The Canadian law gave the Negro fugitive all the rights of citizenship and protected him in their enjoyment. The Negro was encouraged to take up land and it gave him the franchise the same as his white neighbour. Negroes were enrolled in the Canadian militia and bore their share of service during the troubles of 1837-8. “The colored men,” says Josiah Henson, “were willing to defend the Government that had given them a home when they had fled from slavery.”[22] Under the Canadian law the fugitives were allowed to send their children to the common schools or to have separate schools provided for them out of their share of the school funds.[23] Separate schools were established in some places where prejudice existed and religious agencies also established schools at a number of points. Visitors noted that a surprisingly large number of the Negroes learned to read and write after coming to Canada and in the University of Toronto a number of prizes were taken by coloured youths. Principal McCullum of the Hamilton Collegiate Institute was quoted as saying that his teachers agreed that the blacks were the equal of the whites in mentality. The best educational work seems to have been done by the schools which were established by the Negroes themselves, the mission schools and those located in the Negro colonies.[24] Government interest was shown by the incorporation in 1859 of the “Association for the Education of the Coloured People of Canada,” the object of which was to secure educational advantages for the younger people of the race.[25]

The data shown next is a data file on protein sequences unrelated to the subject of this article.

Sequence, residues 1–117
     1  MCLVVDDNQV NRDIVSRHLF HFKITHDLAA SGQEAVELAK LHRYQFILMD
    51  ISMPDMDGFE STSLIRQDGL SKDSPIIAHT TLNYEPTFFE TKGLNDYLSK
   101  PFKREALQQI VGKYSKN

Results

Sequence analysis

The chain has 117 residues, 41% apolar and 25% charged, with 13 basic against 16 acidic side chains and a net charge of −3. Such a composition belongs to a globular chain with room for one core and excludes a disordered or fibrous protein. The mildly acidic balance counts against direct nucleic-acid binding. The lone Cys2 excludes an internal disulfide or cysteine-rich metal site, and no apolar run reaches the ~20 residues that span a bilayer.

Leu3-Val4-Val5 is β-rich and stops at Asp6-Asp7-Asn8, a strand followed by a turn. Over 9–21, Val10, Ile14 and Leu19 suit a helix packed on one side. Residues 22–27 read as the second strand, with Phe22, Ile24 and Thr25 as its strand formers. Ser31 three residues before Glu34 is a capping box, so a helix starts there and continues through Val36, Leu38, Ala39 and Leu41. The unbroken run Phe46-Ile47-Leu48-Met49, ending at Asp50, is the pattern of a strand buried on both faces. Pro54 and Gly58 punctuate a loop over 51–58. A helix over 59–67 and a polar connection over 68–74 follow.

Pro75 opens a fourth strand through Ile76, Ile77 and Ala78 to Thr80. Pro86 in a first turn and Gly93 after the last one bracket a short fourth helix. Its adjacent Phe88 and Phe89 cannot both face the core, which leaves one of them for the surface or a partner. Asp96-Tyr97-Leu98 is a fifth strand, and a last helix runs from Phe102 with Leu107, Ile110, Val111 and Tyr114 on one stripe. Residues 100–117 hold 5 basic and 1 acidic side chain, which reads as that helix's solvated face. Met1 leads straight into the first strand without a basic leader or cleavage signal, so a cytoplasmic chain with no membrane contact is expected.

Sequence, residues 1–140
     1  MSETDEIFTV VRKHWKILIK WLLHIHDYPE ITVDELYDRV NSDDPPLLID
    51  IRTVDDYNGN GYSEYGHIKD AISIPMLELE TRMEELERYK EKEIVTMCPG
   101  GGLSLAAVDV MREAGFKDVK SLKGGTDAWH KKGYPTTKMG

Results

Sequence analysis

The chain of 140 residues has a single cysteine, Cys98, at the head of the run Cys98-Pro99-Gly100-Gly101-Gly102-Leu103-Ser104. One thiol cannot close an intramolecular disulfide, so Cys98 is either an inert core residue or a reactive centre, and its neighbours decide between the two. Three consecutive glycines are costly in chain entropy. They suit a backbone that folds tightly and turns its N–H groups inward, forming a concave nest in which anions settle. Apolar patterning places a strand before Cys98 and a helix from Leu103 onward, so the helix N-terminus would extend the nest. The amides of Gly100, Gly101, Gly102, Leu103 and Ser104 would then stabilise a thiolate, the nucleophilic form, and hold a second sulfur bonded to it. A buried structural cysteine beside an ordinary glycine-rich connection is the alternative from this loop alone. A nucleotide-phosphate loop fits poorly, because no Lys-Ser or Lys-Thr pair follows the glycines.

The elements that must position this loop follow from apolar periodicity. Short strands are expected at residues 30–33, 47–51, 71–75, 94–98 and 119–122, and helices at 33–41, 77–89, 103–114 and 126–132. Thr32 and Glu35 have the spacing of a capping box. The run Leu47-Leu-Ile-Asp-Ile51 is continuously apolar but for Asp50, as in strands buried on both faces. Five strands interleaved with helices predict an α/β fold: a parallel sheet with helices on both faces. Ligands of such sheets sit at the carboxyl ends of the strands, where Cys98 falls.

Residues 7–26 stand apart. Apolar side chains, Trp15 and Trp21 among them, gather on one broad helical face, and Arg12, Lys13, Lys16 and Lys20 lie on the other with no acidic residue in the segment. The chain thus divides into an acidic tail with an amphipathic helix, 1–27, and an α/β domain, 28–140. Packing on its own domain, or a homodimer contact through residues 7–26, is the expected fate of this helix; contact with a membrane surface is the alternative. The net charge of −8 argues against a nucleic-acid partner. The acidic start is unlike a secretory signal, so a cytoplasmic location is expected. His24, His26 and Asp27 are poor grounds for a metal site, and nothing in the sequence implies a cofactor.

The attempts at planting distinctly Negro settlements in Western Ontario form one of the interesting phases of Canada’s relation to the slavery issue. Most interesting of all probably was the work of Rev. William King, who was the founder of the Elgin Association or Buxton Settlement. King was an Irishman, a graduate of Glasgow College, who came to America and was made rector of a college in the state of Louisiana. There, by marriage, he became the owner of fifteen slaves of an estimated value of $9,000. For a time he placed them on a neighbouring plantation and gave them the proceeds of their labour, but that did not satisfy his conscience, and in 1848 he brought them to Canada, thereby, giving them their freedom. But his work did not end there, for he felt it his duty to look after them, to educate them and make of them useful citizens. With some prominent Canadians he organized what was known as the Elgin Association which was legally incorporated “for the settlement and moral improvement of the coloured population of Canada, for the purpose of purchasing crown or clergy reserve lands in the township of Raleigh and settling the same with coloured families resident in Canada of approved moral character.” The aims were met with decided opposition from certain elements in Kent County, but this did not impede the progress of the Association, a tract of about 9000 acres south of Chatham being purchased. This was surveyed into small farms of 50 acres each, which were sold to the colonists at $2.50 an acre, payable in ten annual instalments. Each settler bound himself within a certain period to build a house, at least as good as the model house set up by the Association, to provide himself with necessary implements and to proceed with the work of clearing land. Roads were soon cut through the forest, and the work of clearing up the country began. The slaves who had been freed by Rev. Mr. King formed the nucleus of the colony, but others came as soon as the land was offered, so that within four years there were 400 people located, and in 1857 it had 800 population. Dr. Samuel Howe gave the warmest praise to what he saw at the Elgin Settlement: